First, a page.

Three thoughts on the U.S.’s come-from-behind win and a crazy night in CONCACAF
Three thoughts on the U.S.’s 3-2 win over Panama in Tuesday’s World Cup qualifier, which means CONCACAF’s three automatic World Cup bids go to the U.S., Costa Rica and Honduras, while Mexico goes to a playoff against New Zealand and Panama and Jamaica are eliminated:
• The U.S. is an honest team. The U.S. could have packed up shop and settled for a 2-1 loss that would have eliminated archrival Mexico and kept alive Panama’s hopes for a first World Cup. But on the wildest night in CONCACAF history, the U.S.’s Graham Zusi scored a goal in the 92nd minute to save Mexico’s chorizo despite El Tri’s 2-1 loss at Costa Rica. Aron Jóhannsson’s goal a minute later silenced the Panamanian crowd and completed a comeback that tells you everything you need to know about the U.S. mentality. Now Zusi will get free drinks forever south of the border, and maybe, just maybe, the U.S. national anthem won’t get booed in the Azteca anymore. These are the nights when soccer gives you the kind of adrenaline rush you just can’t get anywhere else as a sports fan.
• Panama and Mexico really aren’t very good. Someone has to say it. CONCACAF’s World Cup qualifying format is so forgiving that a Mexico team with only 11 points from 10 Hexagonal games will still likely make it to the World Cup. With eight points (and just one win) from 10 games, the Panamanians have nobody to blame for their exit other than themselves. Panama dropped points at home to Jamaica, Costa Rica, Mexico and the United States. You can’t do that and expect to advance to your first World Cup. If you’re two minutes from a miraculous survival, how do you give up two goals in stoppage time at home? It’s hard to feel that badly for Panama when the Canaleros stumbled with such regularity.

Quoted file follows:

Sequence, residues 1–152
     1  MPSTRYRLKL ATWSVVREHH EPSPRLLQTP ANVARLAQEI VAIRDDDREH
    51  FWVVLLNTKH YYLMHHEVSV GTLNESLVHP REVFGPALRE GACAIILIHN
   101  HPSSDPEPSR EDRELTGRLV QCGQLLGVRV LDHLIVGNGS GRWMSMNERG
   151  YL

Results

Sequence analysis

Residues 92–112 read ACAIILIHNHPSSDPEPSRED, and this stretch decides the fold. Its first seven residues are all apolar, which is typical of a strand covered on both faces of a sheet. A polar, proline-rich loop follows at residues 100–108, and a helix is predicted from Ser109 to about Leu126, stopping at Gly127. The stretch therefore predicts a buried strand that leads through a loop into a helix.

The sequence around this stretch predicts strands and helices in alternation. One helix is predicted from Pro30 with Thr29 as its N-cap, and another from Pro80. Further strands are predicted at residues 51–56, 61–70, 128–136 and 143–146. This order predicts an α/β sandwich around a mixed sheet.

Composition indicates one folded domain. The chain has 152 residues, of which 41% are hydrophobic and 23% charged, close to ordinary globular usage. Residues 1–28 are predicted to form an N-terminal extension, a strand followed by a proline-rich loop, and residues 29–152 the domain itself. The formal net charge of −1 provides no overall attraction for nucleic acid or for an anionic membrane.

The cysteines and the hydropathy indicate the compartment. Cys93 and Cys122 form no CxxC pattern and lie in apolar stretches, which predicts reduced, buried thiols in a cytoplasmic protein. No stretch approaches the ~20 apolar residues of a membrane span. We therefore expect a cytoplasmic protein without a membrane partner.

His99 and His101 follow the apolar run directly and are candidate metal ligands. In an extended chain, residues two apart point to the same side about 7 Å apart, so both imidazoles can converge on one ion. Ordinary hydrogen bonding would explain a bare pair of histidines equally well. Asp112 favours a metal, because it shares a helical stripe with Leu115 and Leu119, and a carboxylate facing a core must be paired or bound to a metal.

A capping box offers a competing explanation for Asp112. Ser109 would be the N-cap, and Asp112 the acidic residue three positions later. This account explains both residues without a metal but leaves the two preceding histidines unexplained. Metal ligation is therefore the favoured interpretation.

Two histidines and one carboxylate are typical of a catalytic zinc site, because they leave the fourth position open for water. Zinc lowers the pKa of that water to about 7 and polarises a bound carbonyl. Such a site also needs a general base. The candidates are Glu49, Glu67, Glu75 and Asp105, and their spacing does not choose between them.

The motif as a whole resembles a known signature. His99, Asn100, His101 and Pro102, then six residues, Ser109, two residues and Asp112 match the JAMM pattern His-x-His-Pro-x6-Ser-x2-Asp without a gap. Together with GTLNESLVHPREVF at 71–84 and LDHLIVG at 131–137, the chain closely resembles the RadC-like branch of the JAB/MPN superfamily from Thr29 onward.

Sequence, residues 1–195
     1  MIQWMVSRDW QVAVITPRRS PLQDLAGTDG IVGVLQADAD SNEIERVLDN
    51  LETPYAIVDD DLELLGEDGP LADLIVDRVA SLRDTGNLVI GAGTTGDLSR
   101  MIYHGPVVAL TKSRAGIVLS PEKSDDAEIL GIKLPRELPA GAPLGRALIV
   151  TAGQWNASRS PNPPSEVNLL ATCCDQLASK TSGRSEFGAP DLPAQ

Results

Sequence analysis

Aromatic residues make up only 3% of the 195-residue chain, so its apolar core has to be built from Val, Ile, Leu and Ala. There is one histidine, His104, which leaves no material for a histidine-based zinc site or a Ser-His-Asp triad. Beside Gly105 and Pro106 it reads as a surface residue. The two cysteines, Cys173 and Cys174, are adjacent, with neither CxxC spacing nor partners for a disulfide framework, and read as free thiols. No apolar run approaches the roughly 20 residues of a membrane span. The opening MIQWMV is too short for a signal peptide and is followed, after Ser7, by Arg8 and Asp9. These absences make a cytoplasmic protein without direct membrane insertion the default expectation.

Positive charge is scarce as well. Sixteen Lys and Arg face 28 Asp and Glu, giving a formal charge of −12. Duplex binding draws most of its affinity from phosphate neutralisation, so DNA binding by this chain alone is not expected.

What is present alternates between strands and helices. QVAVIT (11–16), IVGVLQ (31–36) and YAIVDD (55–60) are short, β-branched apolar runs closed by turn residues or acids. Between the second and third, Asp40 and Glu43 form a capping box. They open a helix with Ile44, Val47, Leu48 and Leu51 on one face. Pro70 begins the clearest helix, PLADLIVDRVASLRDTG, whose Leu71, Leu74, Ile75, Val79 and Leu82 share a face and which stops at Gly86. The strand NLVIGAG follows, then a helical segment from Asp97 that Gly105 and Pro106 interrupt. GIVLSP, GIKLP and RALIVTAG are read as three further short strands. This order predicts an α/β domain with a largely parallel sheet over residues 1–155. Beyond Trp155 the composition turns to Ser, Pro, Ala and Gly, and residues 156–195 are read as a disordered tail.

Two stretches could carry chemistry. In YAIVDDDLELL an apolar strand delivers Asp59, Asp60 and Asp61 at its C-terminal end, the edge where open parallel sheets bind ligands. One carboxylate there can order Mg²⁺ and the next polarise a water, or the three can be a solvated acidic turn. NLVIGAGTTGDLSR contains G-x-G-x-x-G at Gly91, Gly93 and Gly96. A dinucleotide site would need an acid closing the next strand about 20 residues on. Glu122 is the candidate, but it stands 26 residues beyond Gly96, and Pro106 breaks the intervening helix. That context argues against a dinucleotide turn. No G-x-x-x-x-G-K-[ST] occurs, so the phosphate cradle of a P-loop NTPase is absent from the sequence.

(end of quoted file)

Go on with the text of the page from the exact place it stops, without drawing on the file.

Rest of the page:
• The U.S. learned a few things. Not only does the U.S. deserve a Fair Play award for pushing for the victory, but it also merits some credit for tying its Hexagonal record with a 22-point campaign. As was the case Friday, several U.S. players getting rare starts were unable to take much advantage of the opportunity to convince Klinsmann they have to be in the A-squad’s starting XI. Mix Diskerud had some bright moments passing the ball, but could have taken a few shots himself. Edgar Castillo committed a costly turnover in his own end that led to the first Panama goal. And Michael Orozco made up for some shaky defending with a set-piece goal. Keep an eye, though, on Jóhannsson, who came on as a sub and fired a missile into the Panamanian net at the end. In the years ahead, we won’t forget this night, but that will be due less to any specific performances than to the U.S.’s refusal to quit — even if it meant saving its greatest rival, Mexico.